I was called up at midnight precisely by a messenger with telegram from Byington, dated at Hanover Station, stating that the most terrific battle of the War was being fought at or near Gettysburg, that he left the field at half-past 6 P.M. with tidings, and that everything looked hopeful. The President was at the War Department, where this dispatch, which is addressed to me, was received. It was the first word of the great conflict. Nothing had come to the War Department. There seems to have been no system, no arrangement, for prompt, constant, and speedy intelligence. I had remained at the War Department for news until about eleven. Some half an hour later the dispatch from Byington to me came over the wires, but nothing from any one to Stanton or Halleek. The operator in the War Department gave the dispatch to the President, who remained. He asked, “Who is Byington?” None in the Department knew anything of him, and the President telegraphed to Hanover Station, asking, “Who is Byington?” The operator replied, “Ask the Secretary of the Navy.” I informed the President that the telegram was reliable. Byington is the editor and proprietor of a weekly paper in Norwalk, Connecticut, active and stirring; is sometimes employed by the New York Tribune, and is doubtless so employed now.
The information this morning and dispatches from General Meade confirm Byington's telegram. There is much confusion in the intelligence received. The information is not explicit. A great and bloody battle was fought, and our army has the best of it, but the end is not yet. Everything, however, looks encouraging.
Later in the day dispatches from Haupt and others state that Lee with his army commenced a retreat this A.M. at three o'clock. Our army is waiting for supplies to come up before following, — a little of the old lagging infirmity. Couch is said to be dilatory; has not left Harrisburg; his force has not pushed forward with alacrity. Meade sent him word, “The sound of my guns should have prompted your movement.” Lee and the Rebels may escape in consequence. If they are driven back, Halleck will be satisfied. That has been his great anxiety, and too many of our officers think it sufficient if the Rebels quit and go off, — that it is unnecessary to capture, disperse, and annihilate them.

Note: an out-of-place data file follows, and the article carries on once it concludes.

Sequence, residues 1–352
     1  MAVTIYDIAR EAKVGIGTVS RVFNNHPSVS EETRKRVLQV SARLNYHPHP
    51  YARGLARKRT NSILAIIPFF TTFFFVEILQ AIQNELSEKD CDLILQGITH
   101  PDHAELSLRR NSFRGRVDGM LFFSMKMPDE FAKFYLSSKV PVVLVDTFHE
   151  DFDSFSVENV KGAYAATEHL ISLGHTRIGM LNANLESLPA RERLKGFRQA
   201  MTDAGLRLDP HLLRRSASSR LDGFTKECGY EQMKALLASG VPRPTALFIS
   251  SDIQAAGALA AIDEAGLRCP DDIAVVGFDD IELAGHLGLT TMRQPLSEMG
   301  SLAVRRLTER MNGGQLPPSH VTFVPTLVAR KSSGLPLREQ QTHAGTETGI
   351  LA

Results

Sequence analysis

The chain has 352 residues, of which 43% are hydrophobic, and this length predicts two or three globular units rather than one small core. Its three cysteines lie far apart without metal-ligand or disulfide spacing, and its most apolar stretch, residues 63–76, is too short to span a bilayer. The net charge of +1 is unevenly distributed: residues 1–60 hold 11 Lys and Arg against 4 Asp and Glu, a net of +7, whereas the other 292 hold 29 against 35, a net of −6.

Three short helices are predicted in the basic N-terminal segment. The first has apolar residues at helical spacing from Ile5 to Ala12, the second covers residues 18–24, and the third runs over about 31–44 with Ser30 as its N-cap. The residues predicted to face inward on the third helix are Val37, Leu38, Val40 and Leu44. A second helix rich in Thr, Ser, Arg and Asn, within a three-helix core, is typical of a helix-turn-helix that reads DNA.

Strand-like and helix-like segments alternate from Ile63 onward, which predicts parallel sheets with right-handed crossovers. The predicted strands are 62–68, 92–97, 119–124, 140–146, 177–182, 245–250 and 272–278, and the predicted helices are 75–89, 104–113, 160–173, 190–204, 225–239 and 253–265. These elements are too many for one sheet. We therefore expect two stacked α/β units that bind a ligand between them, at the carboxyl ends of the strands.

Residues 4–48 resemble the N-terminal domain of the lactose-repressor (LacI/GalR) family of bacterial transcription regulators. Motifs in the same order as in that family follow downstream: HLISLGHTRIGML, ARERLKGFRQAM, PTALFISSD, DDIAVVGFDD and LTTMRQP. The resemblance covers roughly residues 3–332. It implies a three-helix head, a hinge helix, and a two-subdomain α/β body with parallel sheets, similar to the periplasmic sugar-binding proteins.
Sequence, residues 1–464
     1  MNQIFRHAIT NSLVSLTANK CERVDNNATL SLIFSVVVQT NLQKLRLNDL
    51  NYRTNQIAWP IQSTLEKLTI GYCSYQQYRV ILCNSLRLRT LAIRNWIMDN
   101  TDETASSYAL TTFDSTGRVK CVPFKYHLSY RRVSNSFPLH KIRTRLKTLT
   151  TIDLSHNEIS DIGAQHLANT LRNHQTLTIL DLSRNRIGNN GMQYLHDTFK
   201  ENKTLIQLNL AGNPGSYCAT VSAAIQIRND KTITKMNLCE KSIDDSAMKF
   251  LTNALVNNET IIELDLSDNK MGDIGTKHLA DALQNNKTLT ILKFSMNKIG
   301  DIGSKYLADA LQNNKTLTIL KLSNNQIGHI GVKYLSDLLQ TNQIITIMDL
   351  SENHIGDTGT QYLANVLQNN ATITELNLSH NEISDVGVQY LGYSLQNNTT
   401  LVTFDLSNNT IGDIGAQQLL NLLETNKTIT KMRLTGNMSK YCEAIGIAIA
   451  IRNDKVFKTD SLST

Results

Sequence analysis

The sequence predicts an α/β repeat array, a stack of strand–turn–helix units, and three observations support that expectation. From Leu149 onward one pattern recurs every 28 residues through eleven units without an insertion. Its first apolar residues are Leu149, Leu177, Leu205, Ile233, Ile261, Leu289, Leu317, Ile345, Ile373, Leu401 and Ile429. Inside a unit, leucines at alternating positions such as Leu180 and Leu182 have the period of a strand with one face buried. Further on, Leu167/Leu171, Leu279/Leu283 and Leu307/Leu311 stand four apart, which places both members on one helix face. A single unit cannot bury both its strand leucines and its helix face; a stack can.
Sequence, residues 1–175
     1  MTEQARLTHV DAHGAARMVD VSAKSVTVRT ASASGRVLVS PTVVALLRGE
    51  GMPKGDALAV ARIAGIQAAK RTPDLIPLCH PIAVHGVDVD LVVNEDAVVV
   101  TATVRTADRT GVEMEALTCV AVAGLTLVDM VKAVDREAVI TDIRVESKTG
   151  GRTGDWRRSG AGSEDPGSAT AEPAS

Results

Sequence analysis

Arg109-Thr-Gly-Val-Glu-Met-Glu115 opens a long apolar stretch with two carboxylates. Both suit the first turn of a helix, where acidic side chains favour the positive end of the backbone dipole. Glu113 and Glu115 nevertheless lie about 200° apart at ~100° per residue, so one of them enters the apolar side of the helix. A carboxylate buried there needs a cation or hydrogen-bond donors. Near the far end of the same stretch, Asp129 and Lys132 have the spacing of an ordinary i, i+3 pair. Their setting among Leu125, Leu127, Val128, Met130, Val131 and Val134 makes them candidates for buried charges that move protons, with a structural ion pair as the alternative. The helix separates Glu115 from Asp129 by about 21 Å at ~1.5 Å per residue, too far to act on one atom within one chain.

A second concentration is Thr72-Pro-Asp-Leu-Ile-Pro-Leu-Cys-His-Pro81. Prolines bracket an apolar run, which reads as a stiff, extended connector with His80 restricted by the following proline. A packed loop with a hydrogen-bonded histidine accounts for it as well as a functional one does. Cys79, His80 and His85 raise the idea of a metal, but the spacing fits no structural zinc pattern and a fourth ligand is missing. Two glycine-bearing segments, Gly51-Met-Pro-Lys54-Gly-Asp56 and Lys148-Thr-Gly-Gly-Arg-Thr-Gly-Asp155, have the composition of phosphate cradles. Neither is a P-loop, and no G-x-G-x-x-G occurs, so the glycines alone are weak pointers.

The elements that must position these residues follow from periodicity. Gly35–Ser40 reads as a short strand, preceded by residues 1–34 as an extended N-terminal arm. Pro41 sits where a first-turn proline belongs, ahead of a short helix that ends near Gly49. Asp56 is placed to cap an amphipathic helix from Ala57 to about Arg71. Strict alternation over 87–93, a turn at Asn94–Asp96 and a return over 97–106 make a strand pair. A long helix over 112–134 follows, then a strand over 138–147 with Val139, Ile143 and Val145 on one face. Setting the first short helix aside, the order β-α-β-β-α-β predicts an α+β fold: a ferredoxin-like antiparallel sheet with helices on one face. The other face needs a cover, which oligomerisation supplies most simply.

Extreme partisans fear that the success of our arms will be success to the Administration. Governor Curtin is in trepidation, lest, if our troops leave Harrisburg to join Meade, the Rebels will rush in behind them and seize the Pennsylvania capital. On the other hand, Stanton and Halleck ridicule the sensitiveness of the Governor, and are indifferent to his wishes and responsibilities. Of course, matters do not work well.
Received this evening a dispatch from Admiral Lee, stating he had a communication from A. H. Stephens,1 who wishes to go to Washington with a companion as military commissioner from Jefferson Davis, Commanding General of Confederate forces, to Abraham Lincoln, President and Commanding General of the Army and Navy of the United States, and desires permission to pass the blockade in the steamer Torpedo on this mission, with Mr. Olds, his private secretary. Showed the dispatch to Blair, whom I met. He made no comment. Saw Stanton directly after, who swore and growled indignantly. The President was at the Soldiers' Home and not expected for an hour or two. Consulted Seward, who was emphatic against having anything to do with Stephens or Davis. Did not see the President till late. In the mean time Stanton and others had seen him, and made known their feelings and views. The President treats the subject as not very serious nor very important, and proposes to take it up to-morrow. My own impression is that not much good is intended in this proposition, yet it is to be met and considered. It is not necessary that the vessel should pass the blockade, or that Stephens should come here, but I would not repel advances, or refuse to receive Davis's communication.
I learn from Admiral Lee that General Keyes with 12,000 men has moved forward from the “White House” towards Richmond, and other demonstrations are being made.
Two intercepted dispatches were received, captured by Captain Dahlgren. One was from Jeff Davis, the other from Adjutant-General Cooper, both addressed to General Lee. They disclose trouble and differences among the Rebel leaders. Lee, it seems, had an understanding with Cooper that Beauregard should concentrate a force of 40,000 at Culpeper for a demonstration, or something more, on Washington, when the place became uncovered by the withdrawal of the Army of the Potomac in pursuit of Lee. Davis appears not to have been informed of this military arrangement, nor satisfied with the programme when informed of it. Lee is told of the difficulty of defending Richmond and other places, and that he must defend his own lines, instead of relying upon its being done from Richmond.
1 Vice-President of the Confederacy.
SOURCE: Gideon Welles, Diary of Gideon Welles, Secretary of the Navy Under Lincoln and Johnson, Vol. 1: 1861 – March 30, 1864, p. 357-9